- Blood test – some blood tests flag the possible presence of giant cell arteritis or polymyalgia rheumatica. A raised erythrocyte sedimentation rate (ESR) and C-reactive protein (CRP) test may be an indicator.
- Other tests – these may be used to rule out other diseases that may present with similar symptoms – for example, diabetes, atherosclerosis, thyroid dysfunction, trigeminal neuralgia, dermatomyositis, multiple myeloma or rheumatoid arthritis.
- Biopsy of the artery – a small piece of artery is removed and examined microscopically in a laboratory. An artery affected by giant cell arteritis is inflamed, narrowed and shows a particular pattern of immune cells. Giant cells are not always found. Biopsy confirms about 94 per cent of cases so it is an important test to confirm the diagnosis. Both temporal arteries may need to be biopsied.
Treatment of giant cell arteritis
Treatment aims to stop any more damage to the affected tissues. If giant cell arteritis is suspected, doctors will start immediate drug treatment before the results of the biopsy come back or even before the biopsy can be arranged. Quick action is needed to preserve the person’s remaining sight.
Treatment options will include:
- Corticosteroid drugs – this is the preferred treatment because it can provide symptom relief within 48 to 72 hours and reduce the risk of future vision loss. Once the symptoms are managed, the dosage can be gradually reduced over a period of weeks to low-dose maintenance levels. In severe cases with vision loss, the person may undergo intravenous treatments for the first five or so days, and then continue with oral corticosteroids. Additional medications, such as methotrexate, may be added to help decrease the corticosteroid dose once the inflammation is controlled.
- Drug treatment to prevent osteoporosis – long-term use of corticosteroids weakens bones and known side effects include osteoporosis, fractures and bone infections. Other medications may be given to reduce bone loss.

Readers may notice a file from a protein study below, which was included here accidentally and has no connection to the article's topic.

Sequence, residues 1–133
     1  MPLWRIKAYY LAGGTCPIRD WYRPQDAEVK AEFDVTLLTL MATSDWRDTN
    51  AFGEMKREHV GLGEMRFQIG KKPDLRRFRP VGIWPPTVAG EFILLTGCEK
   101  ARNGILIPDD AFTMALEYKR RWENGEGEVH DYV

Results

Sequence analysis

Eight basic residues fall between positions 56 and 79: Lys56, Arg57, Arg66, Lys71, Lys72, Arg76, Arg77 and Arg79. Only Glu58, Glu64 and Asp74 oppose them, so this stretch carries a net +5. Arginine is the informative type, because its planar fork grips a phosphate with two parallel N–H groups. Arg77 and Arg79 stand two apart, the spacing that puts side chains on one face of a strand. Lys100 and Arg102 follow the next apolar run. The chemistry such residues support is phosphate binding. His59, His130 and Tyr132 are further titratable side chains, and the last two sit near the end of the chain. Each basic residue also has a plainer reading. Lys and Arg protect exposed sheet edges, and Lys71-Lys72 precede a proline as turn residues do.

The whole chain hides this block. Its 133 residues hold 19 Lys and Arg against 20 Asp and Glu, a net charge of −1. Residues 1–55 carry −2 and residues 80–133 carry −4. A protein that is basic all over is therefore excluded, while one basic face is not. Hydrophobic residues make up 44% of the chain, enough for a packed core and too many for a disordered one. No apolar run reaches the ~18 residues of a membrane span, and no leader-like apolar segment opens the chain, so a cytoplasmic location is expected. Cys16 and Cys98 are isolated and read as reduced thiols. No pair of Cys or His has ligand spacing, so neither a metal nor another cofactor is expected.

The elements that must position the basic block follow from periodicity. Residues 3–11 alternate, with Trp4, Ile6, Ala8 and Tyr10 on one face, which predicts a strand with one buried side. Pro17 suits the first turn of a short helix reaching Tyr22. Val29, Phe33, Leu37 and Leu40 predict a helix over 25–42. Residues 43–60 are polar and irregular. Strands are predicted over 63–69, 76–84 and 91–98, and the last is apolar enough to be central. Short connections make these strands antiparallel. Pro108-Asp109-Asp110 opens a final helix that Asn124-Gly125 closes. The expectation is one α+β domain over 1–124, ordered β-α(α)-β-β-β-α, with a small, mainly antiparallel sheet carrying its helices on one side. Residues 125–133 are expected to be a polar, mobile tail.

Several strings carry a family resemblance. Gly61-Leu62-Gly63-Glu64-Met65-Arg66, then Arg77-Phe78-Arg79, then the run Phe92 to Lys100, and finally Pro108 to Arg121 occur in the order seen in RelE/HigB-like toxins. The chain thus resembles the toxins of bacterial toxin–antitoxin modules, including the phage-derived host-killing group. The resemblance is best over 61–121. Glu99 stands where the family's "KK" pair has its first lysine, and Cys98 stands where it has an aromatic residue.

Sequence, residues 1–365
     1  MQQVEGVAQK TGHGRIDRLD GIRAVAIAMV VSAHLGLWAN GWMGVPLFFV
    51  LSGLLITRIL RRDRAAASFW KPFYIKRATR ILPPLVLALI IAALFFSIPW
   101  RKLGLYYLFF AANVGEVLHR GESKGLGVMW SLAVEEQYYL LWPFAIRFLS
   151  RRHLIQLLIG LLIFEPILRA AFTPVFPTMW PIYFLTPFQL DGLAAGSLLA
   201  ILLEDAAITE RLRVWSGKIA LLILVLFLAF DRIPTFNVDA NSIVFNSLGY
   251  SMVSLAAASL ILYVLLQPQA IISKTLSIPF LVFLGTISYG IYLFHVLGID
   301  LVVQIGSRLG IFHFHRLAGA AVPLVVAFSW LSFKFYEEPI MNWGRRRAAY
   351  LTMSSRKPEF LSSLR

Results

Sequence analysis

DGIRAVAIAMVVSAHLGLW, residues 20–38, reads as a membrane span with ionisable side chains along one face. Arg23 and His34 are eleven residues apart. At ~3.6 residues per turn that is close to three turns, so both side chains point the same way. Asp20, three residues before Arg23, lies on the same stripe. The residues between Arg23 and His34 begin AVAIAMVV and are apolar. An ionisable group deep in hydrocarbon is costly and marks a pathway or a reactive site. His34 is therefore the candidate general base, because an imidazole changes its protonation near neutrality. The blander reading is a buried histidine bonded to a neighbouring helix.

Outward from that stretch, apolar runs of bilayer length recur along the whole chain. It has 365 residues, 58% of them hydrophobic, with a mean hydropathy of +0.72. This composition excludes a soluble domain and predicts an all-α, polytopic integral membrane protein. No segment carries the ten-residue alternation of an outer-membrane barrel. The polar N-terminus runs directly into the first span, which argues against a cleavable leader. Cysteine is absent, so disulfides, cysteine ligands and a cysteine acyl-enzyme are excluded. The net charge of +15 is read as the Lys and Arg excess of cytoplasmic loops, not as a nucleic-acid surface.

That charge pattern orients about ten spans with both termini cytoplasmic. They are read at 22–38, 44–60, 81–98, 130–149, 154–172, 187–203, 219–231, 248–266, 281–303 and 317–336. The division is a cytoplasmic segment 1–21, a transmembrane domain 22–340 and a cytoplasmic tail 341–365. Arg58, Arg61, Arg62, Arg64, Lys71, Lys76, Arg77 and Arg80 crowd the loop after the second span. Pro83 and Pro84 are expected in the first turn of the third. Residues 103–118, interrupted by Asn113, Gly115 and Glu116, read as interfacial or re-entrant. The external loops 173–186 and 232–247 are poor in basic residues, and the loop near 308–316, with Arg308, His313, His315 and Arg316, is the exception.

- Ongoing medical supervision – drug therapy must be carefully monitored to maximise symptom relief and minimise bone loss. Steroids will usually cure this condition if the treatment is given for long enough – usually 12 to 18 months. Giant cell arteritis tends to resolve itself within five years. Relapses occur most often in the first 18 months of treatment or within one year of completing treatment. About one in four people experience a relapse but it is impossible to know in advance which of those affected are at risk.
Where to get help
- Your local eye hospital or emergency department
- Your doctor
This page has been produced in consultation with and approved by:
Royal Australian New Zealand College of Ophthalmologists (RANZCO)
Content on this website is provided for education and information purposes only. Information about a therapy, service, product or treatment does not imply endorsement and is not intended to replace advice from your doctor or other registered health professional. Content has been prepared for Victorian residents and wider Australian audiences, and was accurate at the time of publication. Readers should note that, over time, currency and completeness of the information may change. All users are urged to always seek advice from a registered health care professional for diagnosis and answers to their medical questions.